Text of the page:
Senses & Culture

We all share basic human sensory experience in common, but cultures across the world also exhibit fascinating variation. Get started to learn more!

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How do our senses interact with culture?

All humans broadly share the same physical sensory organs. But different cultures think about sensory experience differently, and talk about them differently.

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Colour & Culture

Because the physiology of the human eye varies relatively little, cultures across the world broadly share what are known as focal colours: in other words, the shade which represents rioja in Spanish is similar to the shade which best represents red in English.

But there is also considerable variation...

While focal colours are broadly shared across cultures, where we draw the boundaries of colour can often differ. For example, what English speakers would consider two different shades of blue, Russian speakers would consider two distinct colours. Watch the short video on the right, created by The World Is Our Thing, to learn more.

This variation goes beyond vision...

The way we percieve sound can be affected by the spoken language(s) we learn growing up - while infants have ultra-sensitive perception for different speech sounds, this becomes less sensitive in adulthood.

Let's do a quick demonstration...

Sound A

Sound B

Sound C

Listen to the three sounds on the right - which one is different from the other two?




Did you catch it?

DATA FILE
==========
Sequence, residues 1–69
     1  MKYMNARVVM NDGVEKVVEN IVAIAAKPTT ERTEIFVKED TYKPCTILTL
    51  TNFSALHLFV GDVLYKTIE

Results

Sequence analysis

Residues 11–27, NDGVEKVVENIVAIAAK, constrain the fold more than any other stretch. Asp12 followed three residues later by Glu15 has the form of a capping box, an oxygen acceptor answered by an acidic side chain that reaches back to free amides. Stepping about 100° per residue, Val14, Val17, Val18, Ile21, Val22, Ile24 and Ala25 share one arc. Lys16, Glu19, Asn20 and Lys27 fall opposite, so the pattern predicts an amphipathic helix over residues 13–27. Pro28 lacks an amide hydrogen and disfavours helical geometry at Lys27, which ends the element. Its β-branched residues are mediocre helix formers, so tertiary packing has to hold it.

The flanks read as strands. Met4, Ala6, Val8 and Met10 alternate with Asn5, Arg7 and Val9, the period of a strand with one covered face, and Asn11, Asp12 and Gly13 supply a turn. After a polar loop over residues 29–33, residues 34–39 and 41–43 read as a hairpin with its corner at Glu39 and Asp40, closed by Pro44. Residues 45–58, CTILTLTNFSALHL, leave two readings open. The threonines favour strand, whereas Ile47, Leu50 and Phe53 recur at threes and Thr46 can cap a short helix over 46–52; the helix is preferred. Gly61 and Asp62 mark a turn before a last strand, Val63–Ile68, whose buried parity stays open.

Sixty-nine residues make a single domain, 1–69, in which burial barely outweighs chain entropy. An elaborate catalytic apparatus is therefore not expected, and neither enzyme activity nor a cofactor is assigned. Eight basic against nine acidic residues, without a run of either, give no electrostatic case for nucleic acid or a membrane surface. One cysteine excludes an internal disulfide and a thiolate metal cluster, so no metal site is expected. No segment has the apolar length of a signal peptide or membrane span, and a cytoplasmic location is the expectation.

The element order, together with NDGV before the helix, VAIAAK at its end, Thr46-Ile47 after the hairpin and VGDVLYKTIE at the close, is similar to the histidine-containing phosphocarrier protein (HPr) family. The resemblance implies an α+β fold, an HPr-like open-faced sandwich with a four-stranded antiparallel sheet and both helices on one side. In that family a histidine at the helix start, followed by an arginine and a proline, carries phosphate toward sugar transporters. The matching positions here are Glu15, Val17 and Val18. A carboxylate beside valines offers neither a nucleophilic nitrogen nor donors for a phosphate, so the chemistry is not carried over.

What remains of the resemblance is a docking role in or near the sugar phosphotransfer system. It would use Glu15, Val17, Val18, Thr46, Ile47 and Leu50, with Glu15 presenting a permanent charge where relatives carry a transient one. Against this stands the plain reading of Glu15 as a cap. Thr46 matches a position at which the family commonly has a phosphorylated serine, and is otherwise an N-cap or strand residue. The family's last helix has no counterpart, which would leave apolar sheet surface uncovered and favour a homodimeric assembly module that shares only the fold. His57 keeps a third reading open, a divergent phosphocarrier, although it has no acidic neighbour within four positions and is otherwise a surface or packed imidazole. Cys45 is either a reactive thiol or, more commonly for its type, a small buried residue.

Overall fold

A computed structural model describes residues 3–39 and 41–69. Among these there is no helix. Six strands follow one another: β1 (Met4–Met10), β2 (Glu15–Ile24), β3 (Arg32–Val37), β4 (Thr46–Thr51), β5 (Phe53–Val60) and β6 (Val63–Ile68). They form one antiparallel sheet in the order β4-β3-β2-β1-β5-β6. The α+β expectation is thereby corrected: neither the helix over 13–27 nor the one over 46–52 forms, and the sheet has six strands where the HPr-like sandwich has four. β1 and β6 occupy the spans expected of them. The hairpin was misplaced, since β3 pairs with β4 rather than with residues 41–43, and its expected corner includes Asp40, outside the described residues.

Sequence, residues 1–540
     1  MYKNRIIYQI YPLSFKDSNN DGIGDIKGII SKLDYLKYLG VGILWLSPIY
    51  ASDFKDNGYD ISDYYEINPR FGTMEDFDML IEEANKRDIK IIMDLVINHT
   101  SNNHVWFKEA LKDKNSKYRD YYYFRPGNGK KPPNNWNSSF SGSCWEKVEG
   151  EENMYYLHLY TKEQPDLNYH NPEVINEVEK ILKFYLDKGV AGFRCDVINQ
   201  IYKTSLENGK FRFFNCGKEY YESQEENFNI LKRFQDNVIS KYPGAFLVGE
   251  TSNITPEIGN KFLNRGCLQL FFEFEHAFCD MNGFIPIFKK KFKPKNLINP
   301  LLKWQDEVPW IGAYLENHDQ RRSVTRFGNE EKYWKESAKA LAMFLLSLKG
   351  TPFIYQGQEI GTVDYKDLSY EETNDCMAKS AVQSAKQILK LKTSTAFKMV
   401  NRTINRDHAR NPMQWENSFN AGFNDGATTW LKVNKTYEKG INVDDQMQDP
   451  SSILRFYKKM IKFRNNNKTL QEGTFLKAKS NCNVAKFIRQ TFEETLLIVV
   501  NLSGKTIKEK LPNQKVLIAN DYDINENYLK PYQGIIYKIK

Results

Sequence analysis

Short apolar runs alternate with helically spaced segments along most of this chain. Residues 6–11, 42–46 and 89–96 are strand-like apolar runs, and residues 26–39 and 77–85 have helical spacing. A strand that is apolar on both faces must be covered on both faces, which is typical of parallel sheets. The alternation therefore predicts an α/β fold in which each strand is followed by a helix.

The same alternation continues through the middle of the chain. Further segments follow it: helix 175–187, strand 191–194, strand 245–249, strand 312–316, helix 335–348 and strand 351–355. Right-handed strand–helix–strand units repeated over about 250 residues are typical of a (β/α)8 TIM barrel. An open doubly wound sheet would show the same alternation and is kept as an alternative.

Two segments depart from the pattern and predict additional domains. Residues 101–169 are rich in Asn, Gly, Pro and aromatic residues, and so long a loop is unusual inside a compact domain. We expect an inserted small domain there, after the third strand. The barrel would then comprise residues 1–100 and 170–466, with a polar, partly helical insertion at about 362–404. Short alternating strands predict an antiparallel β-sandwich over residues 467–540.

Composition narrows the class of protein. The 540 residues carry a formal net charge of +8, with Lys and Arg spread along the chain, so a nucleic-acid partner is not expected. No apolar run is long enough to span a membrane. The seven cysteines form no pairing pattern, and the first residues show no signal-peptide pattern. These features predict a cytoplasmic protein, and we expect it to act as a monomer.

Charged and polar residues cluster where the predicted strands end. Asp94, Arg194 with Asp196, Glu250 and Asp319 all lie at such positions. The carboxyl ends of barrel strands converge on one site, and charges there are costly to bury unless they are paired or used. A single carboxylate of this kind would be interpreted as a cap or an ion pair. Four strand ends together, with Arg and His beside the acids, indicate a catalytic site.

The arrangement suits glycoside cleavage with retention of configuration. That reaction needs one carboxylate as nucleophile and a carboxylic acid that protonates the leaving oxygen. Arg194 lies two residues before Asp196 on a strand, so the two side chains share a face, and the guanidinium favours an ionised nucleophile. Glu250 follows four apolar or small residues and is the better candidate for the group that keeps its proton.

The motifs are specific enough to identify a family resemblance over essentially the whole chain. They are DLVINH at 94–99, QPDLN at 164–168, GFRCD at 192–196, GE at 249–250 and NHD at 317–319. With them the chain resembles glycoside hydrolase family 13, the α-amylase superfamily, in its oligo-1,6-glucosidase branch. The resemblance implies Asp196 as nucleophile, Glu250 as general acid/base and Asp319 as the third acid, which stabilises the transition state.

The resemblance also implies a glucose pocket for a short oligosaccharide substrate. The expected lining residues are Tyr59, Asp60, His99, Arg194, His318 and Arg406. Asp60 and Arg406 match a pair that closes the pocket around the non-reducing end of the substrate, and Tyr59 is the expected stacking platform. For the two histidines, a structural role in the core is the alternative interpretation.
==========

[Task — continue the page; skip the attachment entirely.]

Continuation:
Sound B is actually different from the other two - sounds A and C are like the m in mother, produced by putting both lips together (this is known as bilabial). Sound B is produced almost identically, except by putting the top teeth against the lower lip instead (this is known as labiodental). Listen again and see if you can catch it!

To be fair...

That one is very tough! The fact that those two sounds are so close probably explains why only one language has been documented which contrasts them in a systematic way: Kukuya, a Niger-Congo language with close to 40,000 speakers.

Different languages use sounds in different ways - humans can make hundreds of distinct sounds, and most languages only use a fraction of them. English has somewhere between 40-45 distinct sounds (depending on the variety).

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Cultural variation in the senses extends further...

Do you think differently about cultural variation in the senses?

Senses & Culture

We hope you enjoyed learning more about culture and sensory experience!

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